Body Paragraph # 1: The rough draft of the materials and methods section should provide a brief description of the specialized materials used in your experiment and how they were used. This section needs to summarize the instructions with enough detail so that an outsider who does not have a copy of the lab instructions knows what you did. However, this does not mean writing every little step like “dip the phosphate test strip in the water, then shake the test strips,” these steps can be simplified to read “we used phosphate test strips to measure phosphate levels in parts per million”, etc. This section should be written in the past tense and in your own words and not copied and pasted from the lab manual. Think cookbook recipe here; you should explain enough of what you did for others to repeat the experiment, but with nothing extra added.
Tables: The rough draft of the results section should include all the tables used in your experiment. All values within the tables should be in numerical form and contain units (except pH, which does not have any). For instance, if measuring the amount of chloride in water you should report your measurement as 2 mg/L or 0 mg/L, not as two or none.
Body Paragraph # 1: The rough draft of the results section should also highlight important results in paragraph form, referring to the appropriate tables when mentioned. This section should only state the results; no personal opinions should be included. A description of what the results really mean should be saved for the discussion. For example, you may report, 0mg/L of chlorine were found in the water, but should avoid personal opinions and interpretations such as, “No chlorine was found in the water, showing it to be cleaner than the other samples.”
Body Paragraph #1 – Hypothesis: The rough draft of this section should interpret your data and provide conclusions. Start by discussing if your hypothesis was confirmed or denied and how you know this. Then consider some of the implications of your results. Given the chemical differences you may have noted between the water samples, are any of the differences causes for concern?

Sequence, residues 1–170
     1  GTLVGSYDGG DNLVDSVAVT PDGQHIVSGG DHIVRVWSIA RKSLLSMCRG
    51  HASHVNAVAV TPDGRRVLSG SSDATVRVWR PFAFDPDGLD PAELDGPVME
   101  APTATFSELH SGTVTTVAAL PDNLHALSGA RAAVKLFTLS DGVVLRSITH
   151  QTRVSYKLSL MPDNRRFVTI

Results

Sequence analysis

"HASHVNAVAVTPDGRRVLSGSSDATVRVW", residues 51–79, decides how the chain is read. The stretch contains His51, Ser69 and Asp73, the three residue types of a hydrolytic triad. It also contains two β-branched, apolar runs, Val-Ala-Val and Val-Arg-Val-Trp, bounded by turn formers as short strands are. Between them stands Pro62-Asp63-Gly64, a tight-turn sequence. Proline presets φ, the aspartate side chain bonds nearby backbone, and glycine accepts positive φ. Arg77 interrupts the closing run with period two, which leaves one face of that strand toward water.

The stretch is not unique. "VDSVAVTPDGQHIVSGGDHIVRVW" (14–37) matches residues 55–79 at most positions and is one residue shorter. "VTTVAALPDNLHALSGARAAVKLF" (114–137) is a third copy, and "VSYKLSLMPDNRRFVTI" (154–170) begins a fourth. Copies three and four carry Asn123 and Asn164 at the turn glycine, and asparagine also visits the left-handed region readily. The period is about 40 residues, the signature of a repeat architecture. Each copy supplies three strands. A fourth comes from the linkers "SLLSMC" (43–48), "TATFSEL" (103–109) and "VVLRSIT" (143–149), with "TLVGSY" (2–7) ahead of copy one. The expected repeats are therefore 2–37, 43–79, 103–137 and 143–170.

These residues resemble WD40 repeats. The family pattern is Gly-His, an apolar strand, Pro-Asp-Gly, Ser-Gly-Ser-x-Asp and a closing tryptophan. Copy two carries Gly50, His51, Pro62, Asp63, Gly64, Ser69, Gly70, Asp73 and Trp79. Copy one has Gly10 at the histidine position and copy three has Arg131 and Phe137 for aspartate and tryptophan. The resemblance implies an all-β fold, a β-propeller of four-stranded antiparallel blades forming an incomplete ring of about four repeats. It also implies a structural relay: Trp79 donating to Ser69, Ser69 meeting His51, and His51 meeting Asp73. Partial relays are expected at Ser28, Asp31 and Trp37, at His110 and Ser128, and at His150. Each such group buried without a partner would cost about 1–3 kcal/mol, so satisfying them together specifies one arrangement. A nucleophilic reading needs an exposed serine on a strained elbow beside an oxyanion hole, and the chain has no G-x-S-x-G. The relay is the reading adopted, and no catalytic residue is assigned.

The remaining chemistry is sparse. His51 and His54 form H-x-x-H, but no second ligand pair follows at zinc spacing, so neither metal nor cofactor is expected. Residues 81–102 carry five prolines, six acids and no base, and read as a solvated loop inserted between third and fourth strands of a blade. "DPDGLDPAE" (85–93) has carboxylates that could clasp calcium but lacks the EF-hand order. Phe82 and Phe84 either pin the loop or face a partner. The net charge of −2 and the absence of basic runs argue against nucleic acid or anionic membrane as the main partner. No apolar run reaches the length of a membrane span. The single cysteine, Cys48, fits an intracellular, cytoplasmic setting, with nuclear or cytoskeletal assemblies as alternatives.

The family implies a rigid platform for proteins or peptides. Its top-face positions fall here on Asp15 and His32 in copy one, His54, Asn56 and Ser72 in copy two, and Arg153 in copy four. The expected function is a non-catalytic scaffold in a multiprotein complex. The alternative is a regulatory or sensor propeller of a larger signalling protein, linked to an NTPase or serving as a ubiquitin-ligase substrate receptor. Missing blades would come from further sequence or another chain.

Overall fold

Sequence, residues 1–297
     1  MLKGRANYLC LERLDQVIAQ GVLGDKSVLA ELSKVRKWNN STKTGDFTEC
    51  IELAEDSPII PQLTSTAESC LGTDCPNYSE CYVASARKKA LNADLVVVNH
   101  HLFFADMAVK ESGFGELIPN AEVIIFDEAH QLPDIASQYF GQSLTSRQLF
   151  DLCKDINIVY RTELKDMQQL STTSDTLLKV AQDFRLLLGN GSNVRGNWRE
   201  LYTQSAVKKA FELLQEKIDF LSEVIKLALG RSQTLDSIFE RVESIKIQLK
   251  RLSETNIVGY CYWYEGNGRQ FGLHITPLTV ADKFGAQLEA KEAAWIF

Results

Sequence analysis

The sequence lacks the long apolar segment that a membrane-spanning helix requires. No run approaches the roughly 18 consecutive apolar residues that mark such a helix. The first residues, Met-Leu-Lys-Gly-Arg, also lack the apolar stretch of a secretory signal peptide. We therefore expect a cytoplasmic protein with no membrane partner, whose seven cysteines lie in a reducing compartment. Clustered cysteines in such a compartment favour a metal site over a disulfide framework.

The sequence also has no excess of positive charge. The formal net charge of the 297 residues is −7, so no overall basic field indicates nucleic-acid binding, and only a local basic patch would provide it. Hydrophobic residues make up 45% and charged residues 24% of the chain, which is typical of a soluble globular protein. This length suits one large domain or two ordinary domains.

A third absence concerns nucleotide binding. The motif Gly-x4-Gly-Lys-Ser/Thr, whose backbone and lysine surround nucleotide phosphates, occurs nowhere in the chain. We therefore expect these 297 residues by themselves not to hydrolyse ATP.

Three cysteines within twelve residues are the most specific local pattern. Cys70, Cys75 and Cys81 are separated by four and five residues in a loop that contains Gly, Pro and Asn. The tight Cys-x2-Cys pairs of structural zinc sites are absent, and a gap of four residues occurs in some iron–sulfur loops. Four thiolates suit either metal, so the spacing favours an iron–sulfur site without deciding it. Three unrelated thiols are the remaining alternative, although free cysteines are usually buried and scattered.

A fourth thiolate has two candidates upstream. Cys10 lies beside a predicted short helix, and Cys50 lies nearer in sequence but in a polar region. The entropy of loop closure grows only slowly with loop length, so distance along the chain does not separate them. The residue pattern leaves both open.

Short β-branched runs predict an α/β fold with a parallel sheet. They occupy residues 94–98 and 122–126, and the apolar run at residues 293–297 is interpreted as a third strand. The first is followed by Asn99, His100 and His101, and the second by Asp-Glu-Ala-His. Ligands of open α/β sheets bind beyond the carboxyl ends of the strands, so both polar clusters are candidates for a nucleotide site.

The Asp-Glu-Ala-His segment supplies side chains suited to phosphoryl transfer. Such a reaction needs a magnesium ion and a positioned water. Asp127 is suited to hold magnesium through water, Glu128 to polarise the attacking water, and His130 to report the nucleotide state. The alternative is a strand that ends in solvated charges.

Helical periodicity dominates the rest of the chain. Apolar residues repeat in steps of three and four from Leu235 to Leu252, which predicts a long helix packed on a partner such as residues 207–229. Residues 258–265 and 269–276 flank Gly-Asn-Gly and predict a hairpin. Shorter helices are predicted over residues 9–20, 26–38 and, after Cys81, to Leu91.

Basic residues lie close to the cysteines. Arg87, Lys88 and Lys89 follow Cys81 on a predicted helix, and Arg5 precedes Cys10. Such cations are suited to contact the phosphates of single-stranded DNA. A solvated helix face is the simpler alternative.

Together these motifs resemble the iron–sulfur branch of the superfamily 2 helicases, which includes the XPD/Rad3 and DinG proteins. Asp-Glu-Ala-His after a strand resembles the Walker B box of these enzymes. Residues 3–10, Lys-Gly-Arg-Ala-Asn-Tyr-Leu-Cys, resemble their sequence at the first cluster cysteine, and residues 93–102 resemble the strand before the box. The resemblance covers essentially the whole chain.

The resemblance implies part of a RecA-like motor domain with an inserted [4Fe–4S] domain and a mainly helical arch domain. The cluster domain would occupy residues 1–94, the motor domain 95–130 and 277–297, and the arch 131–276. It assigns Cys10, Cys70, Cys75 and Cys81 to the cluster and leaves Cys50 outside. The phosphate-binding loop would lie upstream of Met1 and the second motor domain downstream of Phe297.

Body Paragraph # 2 – Context: The rough draft of your discussion should also relate your results to bigger water concerns and challenges. For example, based on your experiment you might discuss how various bottled water companies use different filtration systems. Or, you could discuss the billion dollar bottled water industry. For example, do you think it is worth it to buy bottled water? Why or why not? Your outline should at least list some of the resources that you plan to utilize in your final paper to put your results into context.
Body Paragraph #3 – Variables and Future Experiments: Finally, the rough draft of your results section should also address any possible factors that affected your results, such as taking measurements over two different days instead of all at once. If possible sources of error were present, how might you control for these in the future? You should also propose some new questions that have arisen from your results and what kind of experiment(s) might be devised to answer these questions.
Body Paragraph #1: This section of your rough draft should briefly summarize the key points of your paper. What main message would you like people to take way from this report?
Include at least 2 scholarly and 2 highly credible sources as well as your lab manual, in APA format.